And perhaps a few other topics. Like "The role of oil money in Republican politics"; "The moral if not legal claim of major campaign contributors to ambassadorships"; "Commerce vs security: the case of high technology exports", or something with less academic; something quasi-scholarly but with more popular appeal, like: "Et tu felix Mosbacher Nube: Serial monogamy of the oil-rich and famous", or  "Homophobia and its Discontents: The travails of gays and lesbians in the Republican fold."

A mere bridge & brass plate combo on a stack of red bricks can hardly do justice to the rich tapestry of the life of a larger-than-life figure such as Robert Mosbacher Senior, and his extended family. Not to mention that he did not even get his own new bridge. Much rather, the original bayou bridge at this location was the very first one; and vital to early Houston's commercial viability. At least and at last, there is a common theme to connect the man to the bridge: Commerce. Too bad Commerce Street itself isn't blessed with a Bayou passover that a smart Houston-booster might reconceive as a naming opportunity just waiting to be capitalized on.

Historic Preston Avenue Bridge Marker
on display at The Spaghetti Warehouse nearby 
Or perhaps UHD could sponsored a symposium with a more local, bayou-oriented bend: "Bush Parks, Baker Commons, and Moss Brook Bridges: The partisan dimension of the re-branding of parks, bridges, and other public infrastructure in Bayou City, Texas. With a break-out session on best practices in "Commemorative Private-Public Partnerships on a Shoestring."


The prior incarnation: Preston Avenue Bridge (1998) 
Buffalo Bayou at The Wortham Center
Preston Ave Bridge with the still erect soon-to-be history Post Office relic behind it (Aug 2015) 
The burnt orange look in the winter (2012)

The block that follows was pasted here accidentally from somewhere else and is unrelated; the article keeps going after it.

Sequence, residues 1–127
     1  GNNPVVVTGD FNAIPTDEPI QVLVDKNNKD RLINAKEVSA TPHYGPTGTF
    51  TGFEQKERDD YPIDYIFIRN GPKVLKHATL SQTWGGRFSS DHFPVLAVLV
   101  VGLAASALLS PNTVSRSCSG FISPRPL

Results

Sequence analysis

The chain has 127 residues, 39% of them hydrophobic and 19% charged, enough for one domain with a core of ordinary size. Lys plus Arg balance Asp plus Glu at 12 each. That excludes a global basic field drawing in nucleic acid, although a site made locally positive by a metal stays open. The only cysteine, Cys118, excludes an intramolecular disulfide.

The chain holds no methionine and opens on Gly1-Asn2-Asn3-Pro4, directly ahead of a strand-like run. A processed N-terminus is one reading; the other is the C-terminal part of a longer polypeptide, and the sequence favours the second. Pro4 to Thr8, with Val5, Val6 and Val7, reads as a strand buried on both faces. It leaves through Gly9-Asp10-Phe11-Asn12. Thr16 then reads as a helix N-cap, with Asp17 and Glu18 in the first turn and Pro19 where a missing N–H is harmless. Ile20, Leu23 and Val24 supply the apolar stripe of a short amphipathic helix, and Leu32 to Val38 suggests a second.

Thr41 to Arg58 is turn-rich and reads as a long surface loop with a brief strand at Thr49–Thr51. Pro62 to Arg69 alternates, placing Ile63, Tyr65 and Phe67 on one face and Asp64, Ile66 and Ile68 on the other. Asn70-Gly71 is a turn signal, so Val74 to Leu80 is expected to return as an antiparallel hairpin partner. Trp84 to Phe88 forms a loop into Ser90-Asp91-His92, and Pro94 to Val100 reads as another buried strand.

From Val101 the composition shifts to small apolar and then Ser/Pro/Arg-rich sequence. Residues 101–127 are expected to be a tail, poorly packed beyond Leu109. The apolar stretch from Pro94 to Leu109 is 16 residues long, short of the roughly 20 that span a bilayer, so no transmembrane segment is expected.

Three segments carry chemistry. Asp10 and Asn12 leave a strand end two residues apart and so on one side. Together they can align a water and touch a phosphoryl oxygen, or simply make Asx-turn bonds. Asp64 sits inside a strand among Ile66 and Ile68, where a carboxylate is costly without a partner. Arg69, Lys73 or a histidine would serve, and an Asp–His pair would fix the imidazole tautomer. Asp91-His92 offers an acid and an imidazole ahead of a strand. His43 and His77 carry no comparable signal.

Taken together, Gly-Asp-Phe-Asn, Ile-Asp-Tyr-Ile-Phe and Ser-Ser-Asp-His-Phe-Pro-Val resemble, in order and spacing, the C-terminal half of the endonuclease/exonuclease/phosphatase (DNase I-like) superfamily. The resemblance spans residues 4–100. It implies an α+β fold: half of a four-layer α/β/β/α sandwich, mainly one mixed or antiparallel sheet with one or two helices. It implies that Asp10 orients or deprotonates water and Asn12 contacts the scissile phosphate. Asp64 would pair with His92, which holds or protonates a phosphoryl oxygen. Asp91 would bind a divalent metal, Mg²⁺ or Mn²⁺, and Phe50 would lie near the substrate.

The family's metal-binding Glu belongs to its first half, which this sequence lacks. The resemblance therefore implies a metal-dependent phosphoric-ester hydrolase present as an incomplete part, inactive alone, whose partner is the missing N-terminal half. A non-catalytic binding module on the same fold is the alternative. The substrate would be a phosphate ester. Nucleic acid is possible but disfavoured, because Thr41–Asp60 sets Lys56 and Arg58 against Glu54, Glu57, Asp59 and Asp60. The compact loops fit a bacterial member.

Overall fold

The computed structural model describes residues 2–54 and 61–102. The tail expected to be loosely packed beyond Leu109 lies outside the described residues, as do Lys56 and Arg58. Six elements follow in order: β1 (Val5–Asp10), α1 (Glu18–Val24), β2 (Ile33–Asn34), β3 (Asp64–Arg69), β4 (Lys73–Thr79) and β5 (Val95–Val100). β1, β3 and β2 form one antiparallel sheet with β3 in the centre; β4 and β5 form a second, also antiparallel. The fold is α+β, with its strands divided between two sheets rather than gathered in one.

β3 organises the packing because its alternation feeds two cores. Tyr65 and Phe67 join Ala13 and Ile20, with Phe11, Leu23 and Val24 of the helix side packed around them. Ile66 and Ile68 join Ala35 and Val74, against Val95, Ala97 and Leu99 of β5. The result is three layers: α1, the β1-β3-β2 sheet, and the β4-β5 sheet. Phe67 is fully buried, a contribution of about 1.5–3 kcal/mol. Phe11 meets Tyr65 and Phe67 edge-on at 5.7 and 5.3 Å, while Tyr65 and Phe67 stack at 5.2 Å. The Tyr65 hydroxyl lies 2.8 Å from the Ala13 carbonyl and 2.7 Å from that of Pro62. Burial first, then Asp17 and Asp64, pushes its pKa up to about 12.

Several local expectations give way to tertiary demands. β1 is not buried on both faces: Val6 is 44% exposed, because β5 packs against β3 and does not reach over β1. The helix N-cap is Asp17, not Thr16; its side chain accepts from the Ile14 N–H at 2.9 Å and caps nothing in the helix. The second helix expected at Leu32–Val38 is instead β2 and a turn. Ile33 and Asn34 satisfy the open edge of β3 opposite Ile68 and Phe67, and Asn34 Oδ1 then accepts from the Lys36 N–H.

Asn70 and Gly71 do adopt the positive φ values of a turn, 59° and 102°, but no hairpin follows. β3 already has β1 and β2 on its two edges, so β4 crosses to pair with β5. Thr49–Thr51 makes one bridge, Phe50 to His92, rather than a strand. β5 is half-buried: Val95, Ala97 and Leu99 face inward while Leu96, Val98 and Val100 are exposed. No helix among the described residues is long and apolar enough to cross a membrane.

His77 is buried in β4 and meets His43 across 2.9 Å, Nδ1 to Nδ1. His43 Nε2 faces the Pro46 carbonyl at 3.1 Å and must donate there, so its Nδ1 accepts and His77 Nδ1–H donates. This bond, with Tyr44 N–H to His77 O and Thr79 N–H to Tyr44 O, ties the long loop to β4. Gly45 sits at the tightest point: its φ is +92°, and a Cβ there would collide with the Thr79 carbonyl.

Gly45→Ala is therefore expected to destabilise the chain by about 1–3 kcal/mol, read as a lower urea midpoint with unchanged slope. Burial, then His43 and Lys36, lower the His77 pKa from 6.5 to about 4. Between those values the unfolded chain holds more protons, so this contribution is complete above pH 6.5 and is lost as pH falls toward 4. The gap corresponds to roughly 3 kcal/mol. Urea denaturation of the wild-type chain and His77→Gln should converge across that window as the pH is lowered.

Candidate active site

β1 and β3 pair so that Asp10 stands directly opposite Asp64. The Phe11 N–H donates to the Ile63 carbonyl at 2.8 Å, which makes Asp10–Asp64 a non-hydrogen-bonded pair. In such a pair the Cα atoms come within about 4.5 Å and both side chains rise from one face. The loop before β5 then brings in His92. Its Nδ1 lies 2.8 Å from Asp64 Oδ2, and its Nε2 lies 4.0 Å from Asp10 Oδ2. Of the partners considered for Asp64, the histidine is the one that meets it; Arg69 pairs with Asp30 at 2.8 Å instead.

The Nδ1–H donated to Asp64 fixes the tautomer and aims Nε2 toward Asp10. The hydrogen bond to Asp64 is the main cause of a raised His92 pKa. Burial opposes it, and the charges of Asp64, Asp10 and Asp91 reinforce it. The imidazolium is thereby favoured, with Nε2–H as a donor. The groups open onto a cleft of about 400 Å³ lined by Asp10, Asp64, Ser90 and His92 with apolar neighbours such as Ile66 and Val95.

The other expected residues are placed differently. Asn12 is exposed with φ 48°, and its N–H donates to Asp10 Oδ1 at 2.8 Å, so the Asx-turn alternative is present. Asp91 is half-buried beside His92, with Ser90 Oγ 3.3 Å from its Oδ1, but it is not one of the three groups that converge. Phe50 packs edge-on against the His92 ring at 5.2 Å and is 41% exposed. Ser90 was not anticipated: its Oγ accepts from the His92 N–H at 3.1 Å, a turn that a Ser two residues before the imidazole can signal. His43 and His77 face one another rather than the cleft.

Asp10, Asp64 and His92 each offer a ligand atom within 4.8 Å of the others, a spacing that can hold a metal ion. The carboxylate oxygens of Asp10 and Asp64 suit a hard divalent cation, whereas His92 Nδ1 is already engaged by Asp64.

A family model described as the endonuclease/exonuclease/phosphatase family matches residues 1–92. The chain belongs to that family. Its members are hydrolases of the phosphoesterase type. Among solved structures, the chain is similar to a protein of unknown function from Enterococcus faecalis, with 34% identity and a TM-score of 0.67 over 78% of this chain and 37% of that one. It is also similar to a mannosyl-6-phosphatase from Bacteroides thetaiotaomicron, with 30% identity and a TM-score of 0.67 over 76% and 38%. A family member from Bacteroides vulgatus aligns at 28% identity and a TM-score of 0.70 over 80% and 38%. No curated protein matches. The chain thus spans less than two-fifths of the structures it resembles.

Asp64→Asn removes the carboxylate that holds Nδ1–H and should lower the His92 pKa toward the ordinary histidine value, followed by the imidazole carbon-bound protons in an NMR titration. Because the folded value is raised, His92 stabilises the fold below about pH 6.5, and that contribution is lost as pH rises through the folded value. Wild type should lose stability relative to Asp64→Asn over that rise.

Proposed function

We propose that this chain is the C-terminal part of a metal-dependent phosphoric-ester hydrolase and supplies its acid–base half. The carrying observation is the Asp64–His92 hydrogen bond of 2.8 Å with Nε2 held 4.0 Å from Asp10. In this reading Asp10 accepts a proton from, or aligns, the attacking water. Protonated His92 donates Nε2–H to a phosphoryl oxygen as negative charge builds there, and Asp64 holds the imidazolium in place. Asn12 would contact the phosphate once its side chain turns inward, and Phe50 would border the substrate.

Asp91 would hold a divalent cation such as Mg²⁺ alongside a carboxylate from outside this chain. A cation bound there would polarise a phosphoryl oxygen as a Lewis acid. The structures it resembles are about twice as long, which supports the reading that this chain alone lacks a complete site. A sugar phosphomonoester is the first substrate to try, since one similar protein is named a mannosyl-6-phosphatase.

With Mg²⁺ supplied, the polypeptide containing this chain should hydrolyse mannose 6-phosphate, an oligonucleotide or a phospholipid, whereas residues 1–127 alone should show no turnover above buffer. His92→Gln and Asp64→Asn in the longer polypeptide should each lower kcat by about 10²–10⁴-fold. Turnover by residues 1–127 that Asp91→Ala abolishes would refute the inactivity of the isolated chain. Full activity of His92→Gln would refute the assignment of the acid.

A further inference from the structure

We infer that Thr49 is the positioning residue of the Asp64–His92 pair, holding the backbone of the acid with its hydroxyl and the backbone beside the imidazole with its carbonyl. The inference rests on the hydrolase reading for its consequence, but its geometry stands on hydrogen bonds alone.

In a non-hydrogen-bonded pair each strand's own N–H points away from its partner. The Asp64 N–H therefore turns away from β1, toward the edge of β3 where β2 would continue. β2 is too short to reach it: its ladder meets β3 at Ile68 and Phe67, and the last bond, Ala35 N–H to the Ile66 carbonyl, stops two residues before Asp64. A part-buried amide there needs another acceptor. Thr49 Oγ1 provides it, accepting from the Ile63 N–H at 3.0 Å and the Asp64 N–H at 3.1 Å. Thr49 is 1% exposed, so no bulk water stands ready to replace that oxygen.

The Cougars should be offended and turn crimson. Hey this is H-Town.
No place for Longhorns and Sooners. 
Two of the Seven Wonders flanking the bridge
with verdant bayou banks in the summer
and at least a spec of azure in the water 
Muddy flow at The Wortham in Spring with white blossoms cheering up the promenade.
If you want real cherry blossoms, head to the Japanese Gardens in Hermann Park. 

 James A Baker III at the Baker Common
making eye contact with President George H. W. Bush on the other side of the Bayou 
George Herbert Walker Bush in heavy metal set against the Downtown Houston Skyline:
Wortham, Pennzoil, Bank of America, Shell, and that Heritage Thing with the Mayan Temple on top;
Enterprise and Enron, now Chevron, farther afield.
 1 2 3 Dynasty math suitable for elementary school field trips:
The three Big Bakers: Paying homage to James A Baker I, II, and III  
James A. Baker Monument
Silhouette of  Statue with doomed Post Office Bldg across the dirty runoff from the burbs (out of view, behind the railing).
"Take a last good look, James. Soon enough that erstwhile state-of-the-art federal outpost is gonna be gone."
Bushes and Bakers will be with us much longer.